The Lafayette Parish School System reached "unitary status" in 2005 and was no longer under federal desegregation restrictions. Since the order was lifted, schools have drifted back into segregation, with 29 of more than 40 schools in the district meeting the "racially identifiable" definition, according to fall 2019 enrollment figures.

Lafayette isn't alone in this, of course, as some districts across Acadiana have an overwhelming number of racially identifiable schools. But Lafayette serves asa good case study, looking to schools located on the north side of town.

Northside High’s student body was 95% Black in fall 2019, and a similar story plays out at nearby Dr. Raphael. A. Baranco Elementary (93%) and J.W. Faulk Elementary (92%), according to enrollment data from the Louisiana Department of Education. All three schools are located within a few miles of each other on the north side of Lafayette.

Another thing these schools have in common is chronic poor performance. J.W. Faulk’s most recent school performance score from the state was an F in 2019, which followed Ds from 2015-18. Northside has received a D four out of the last five years with a C in 2017.

A hallway in the Lafayette Parish School System Central Office features a timeline of public school construction in the parish from 1904 to 2017.

The high school's average ACT score was 15.3 in 2019, well below the state average (18.9) and the 18 needed to get into a four-year college in Louisiana. And its graduation rate (59.1%) shows that more than one-third of Northside students don’t graduate.

"Where we are now is the culmination of 40 years, 50 years of integration," Davis said. "Look at the data on North Lafayette schools, which are mostly Black students. The data on their performance is so bad all of us should say it is unacceptable. We should be very upset that Black children aren’t achieving even at a moderate level.

"So the schools now in North Lafayette are mostly Black students, mostly white faculty, and outcomes are terrible,” he continued. "So integration, desegregation, did not translate into high academic achievement for Black students. Academic outcomes actually went down. I think we were better off in segregated schools (based on academic achievement)."

Lafayette Parish School Board member Elroy Broussard said it seems schools are divided like they were decades ago, and it affects everyone.

"I think until we can understand what has taken place, we will never be what we desire to be — an A school district — because of the division we're developing now," Broussard said.

"When you have one race dominating, you don't know everybody's culture and we can't grow. When we all believe one thing, we are limiting our capacity to see the world the way it is. You don't get the full picture. That's what you get when you have a segregated society."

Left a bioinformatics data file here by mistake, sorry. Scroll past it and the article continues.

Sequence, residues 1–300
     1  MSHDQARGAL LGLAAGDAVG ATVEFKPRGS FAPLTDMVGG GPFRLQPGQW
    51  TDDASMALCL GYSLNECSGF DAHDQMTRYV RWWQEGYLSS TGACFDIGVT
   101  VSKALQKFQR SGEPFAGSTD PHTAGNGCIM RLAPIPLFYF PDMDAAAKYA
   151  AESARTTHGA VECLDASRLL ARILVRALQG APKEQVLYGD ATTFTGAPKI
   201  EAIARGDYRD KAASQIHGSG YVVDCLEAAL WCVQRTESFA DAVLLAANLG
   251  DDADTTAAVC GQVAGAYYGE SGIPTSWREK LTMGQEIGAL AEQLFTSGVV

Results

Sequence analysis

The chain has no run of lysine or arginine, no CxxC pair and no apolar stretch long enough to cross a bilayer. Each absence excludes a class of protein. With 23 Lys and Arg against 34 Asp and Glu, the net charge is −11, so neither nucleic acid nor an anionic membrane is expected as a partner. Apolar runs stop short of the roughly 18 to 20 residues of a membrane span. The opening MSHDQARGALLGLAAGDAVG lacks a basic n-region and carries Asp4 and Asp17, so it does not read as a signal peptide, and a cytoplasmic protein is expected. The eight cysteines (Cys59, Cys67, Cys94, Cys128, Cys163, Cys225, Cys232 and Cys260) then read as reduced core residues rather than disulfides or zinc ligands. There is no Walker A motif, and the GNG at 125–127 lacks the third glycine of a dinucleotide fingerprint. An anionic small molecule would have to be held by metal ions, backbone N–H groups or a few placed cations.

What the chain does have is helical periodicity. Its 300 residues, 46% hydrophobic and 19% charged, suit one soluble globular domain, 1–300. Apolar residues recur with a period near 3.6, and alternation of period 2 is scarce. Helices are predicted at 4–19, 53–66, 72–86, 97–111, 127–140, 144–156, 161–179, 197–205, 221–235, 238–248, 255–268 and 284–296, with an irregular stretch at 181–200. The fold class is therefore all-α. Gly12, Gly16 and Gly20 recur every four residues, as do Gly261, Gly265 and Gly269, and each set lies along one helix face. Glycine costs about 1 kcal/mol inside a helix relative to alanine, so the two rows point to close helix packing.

"When you have one race dominating, you don't know everybody's culture and we can't grow," said Lafayette Parish School Board member Elroy Broussard. "When we all believe one thing, we are limiting our capacity to see the world the way it is.

A look to the future

When St. Landry Parish’s public school system achieved unitary status in 2016 it no longer had to hold onto restrictions to meet race ratios. In fact, districts are not allowed to use race as a determining factor in zoning decisions.

That doesn’t mean there isn't a problem — just that it has to be addressed differently now, Hayes explained.

"It’s certainly plain as day we need to have a diverse group of instructors, administrators and students," Hayes said. "Busing was the first attempt to achieve that. I think now the best way to gain a balance is to improve schools overall, so there is no accelerant to flight from our urban areas to outlying school districts."

Broussard proposes teaching Black history in Lafayette Parish schools and looking into ways of diversifying enrollment at the district's magnet academies.

"We should take a serious look at where we are and where that's leading us," he said. "What message are we sending? Are we going back to the '50s and '60s, or are we trying to move forward?"

"I think this board is capable of doing that," Broussard said. "We can come up with a positive solution that will benefit and grow the system."

Davis said everyone's mindset will have to change to make a real difference, and it will require acknowledging and addressing the root of the problem. That doesn't happen overnight. 

"I’ve been involved in this question of education for decades," he said. "It’s a long, hard battle and we have not even come close. The system does not want to change. And the race factor is part of it. Louisiana will not move from the bottom (in education) unless we address the legacy of these issues of race."

Contact children's issues reporter Leigh Guidry at Lguidry@theadvertiser.com or on Twitter @LeighGGuidry.